Amal- Worthy of Praise

March 17, 2010
By Writer12345 BRONZE, Hartsdale, New York
Writer12345 BRONZE, Hartsdale, New York
1 article 0 photos 0 comments

“He is gone.” The three words, those three words, hardened me. I could not speak, I had to leave, I had to run. I tried to hold back the pain. My cousin who told me of my father’s death reminded me of a hollow tree. As always, she looked strong, but her joy, her emotion, was gone. So I left, I ran.

Through the winding derbs of the souks of Marrakech, the busy markets, the bargaining began to drive me mad, so I quickened my pace, and continued through until I hit the main square. Surrounded by tourists, I sat under a wall, trying to have a straight thought, trying to organize my fears. My first thought rushed to my brother Hassan. He is approaching six; he cannot live without a father. Tears, they finally came. Sitting against the wall, I quickly buried my face into my lap. “Let the tears flow,” my father would tell me as a boy, around the time my mother had passed. I buried my head deep into my hands, as I followed my father’s words, ones I would never forget.

My vision was blurred as I glanced back up from my now wet hands. My thoughts again went directly to Hassan. I had to pick Hassan up at primary school; he had just begun his first year. I walked slowly to the school, torn up, deliberating how I would tell him of our father’s passing. The children storm out of the school, reminding me of the day father took us to the Atlas Mountains to trade his wood workings. While there, little puppies, hearing the excitement outside their homes, came running out, running to the new wonders of the world, the undiscovered world.

I spotted Hassan. He came running, a smile so warm- he is a boy who sees with his heart rather than his eyes. Father and mother chose the name Hassan, meaning beautiful, and he fulfilled every aspect of the name he was given. He ran up to me, out of breath, as I quietly said to the ground, “Father...”

Hassam screamed and screamed: “The hole in my heart Amal, the hole, it hurts, it will not stop”. It was a hot day and no clouds cluttered the sky. I felt like the sky should be a painful black, but the sun burned and the air was slowly suffocating me, and as I looked up from the tight grasp of Hassan, I realized I had to get out. I had to leave the wood workshop, and most importantly, I had to help my brother. He needed more than the sky to brighten his life.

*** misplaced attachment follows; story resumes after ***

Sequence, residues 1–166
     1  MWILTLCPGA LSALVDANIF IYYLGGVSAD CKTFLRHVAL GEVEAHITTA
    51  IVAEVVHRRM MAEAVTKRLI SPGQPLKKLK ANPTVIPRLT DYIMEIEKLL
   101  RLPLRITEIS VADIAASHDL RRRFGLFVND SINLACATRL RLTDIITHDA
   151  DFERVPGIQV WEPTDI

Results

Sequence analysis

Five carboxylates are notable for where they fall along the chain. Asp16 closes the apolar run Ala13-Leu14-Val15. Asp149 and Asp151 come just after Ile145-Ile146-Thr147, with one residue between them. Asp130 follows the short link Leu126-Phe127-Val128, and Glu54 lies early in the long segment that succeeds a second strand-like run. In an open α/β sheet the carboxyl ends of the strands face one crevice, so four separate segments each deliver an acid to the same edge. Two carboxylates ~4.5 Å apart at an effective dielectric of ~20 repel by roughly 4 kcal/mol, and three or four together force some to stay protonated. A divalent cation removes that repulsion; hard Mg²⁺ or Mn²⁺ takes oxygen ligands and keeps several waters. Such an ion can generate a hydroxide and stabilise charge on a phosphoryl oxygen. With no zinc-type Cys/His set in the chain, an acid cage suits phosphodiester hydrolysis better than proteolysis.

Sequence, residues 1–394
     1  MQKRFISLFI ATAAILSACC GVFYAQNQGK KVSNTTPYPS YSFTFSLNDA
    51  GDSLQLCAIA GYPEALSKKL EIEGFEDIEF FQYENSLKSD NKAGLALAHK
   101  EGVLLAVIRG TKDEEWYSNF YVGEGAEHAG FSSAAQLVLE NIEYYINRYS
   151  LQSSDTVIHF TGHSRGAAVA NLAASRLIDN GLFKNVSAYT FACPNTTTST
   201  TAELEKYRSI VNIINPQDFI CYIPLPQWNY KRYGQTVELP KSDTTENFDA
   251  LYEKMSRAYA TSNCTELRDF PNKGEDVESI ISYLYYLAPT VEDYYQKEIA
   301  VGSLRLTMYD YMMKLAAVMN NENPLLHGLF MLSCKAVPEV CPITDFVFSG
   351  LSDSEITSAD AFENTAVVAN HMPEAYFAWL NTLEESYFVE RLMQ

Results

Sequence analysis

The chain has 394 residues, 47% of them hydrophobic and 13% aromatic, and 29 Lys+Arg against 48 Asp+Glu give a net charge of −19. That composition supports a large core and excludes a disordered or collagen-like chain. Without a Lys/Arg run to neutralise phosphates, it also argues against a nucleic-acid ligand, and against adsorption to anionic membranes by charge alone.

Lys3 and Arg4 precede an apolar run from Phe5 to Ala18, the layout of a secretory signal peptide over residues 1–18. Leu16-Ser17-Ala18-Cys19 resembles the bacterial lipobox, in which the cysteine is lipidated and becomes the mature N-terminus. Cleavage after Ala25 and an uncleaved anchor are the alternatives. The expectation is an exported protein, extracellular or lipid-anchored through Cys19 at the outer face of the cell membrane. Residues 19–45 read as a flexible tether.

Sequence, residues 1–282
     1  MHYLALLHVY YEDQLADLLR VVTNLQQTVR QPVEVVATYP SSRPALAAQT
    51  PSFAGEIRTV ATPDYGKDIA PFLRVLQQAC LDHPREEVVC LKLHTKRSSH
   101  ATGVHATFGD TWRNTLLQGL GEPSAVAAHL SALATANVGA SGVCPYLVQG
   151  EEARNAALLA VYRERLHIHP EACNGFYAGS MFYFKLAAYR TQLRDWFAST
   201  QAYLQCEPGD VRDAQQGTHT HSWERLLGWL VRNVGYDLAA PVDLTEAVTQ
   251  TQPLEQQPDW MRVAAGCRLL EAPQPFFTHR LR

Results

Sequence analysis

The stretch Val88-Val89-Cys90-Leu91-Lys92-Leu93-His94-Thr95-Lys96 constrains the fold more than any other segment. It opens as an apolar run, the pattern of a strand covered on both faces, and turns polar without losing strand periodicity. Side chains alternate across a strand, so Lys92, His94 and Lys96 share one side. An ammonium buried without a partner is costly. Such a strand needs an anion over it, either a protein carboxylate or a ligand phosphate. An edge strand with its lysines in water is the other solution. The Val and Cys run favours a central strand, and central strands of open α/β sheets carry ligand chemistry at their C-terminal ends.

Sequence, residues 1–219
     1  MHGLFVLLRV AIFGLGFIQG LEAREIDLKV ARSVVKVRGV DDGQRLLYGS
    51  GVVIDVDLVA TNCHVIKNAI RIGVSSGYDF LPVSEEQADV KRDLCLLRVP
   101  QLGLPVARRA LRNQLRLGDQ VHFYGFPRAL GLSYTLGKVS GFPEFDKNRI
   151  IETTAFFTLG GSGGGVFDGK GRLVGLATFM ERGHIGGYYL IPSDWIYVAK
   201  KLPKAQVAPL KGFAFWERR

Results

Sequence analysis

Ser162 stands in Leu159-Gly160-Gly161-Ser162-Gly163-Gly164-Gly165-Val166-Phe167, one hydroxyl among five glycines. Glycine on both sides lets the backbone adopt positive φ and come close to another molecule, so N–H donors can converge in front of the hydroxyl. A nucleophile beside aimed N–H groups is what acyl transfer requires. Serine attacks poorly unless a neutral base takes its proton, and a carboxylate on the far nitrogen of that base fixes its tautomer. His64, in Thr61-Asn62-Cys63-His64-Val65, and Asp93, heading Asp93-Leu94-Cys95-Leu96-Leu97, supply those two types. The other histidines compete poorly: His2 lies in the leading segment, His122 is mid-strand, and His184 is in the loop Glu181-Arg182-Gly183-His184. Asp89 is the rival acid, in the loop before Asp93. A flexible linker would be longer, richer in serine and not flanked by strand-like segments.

Yet there I was, back in the woodshop. One foot, two hands, the continuous spinning. The spinning of wood has become my life, the only thing I can do, the thing that keeps my father alive. We now live at the back of the shop, running low on money. The pain eats away at me, it leaves me in the darkness. I see the tourists walking, I try to sell them my pieces, but what I can sell is not enough to live off. I see their glasses, their pants, their shoes and all I wish for is for Hassan to live a life of happiness. He cries every day now. The wood keeps spinning.

I am saving my money. I am determined to change life for Hassan. We will move from Marrakesh. But then, without warning, I develop a bad cough. Although I have pulled back from society, I live to help my brother. I have saved over three thousand dirham. The money will take us places; the money has begun to brighten my world. I have plans, I have great plans, and we will take on the world, the two of us, together.

The money; the one thing we had; the money is gone. The shop was broken into, while Hassan was sleeping, he awoke, and told me he hid, still, “still, like how I felt when father left us, it was an awful stillness.” The wood has stopped spinning, but the pain needed to stop, I needed it to stop. Hassan cried, “Amal, what will we do?” I cracked a smile. This boy, beautiful, innocent, the only one that brings light into my life, he counts on me, I can change his life, the way no one was able to change mine. I told him, that in the future, whenever he is sad, to write, to tell the truth, to write his own story.

My cough has worsened. I am frightened, and I have stopped spinning wood. I sit in the dark workshop at night, I watch Hassan sleep, worrying. I have seen him writing, he says it helps, helps the hole shrink away.

“Amal, I need you, you say that... you say that I bring sun into your life, but you are my everything, you bring everything to me, I cannot live without you,” my brother said, as I trembled in pain. I was ready with an answer, a comfort that Hassan deserved: “Hassan, our cousin, she and I have been saving money, you will move with her and her husband, they will take great care of you, and whenever you look at the sun, think of me, think of how you were able to brighten every day of my life.”





The direct translation of the name Amal means worthy of praise. Amal passed away that night. The hole in Hassan’s heart was unbearable, the day was rainy and dark, the sun, his connection to his brother, was not visible. All he could do was write, it was the only way he was able to lessen the pain. He wrote, and wrote, and when it was finally time to leave with his cousin, he looked at the workshop, the place where his brother had poured his heart into and forgot his own pain, to lessen the pain of his little brother. Hassan had discovered the things that are unable to be hidden in life, the deep hurt, the joy love can create, and the sun -- Hassan’s eternal connection to his family, the one thing that will always bring him joy.

Similar Articles


This article has 0 comments.

Parkland Book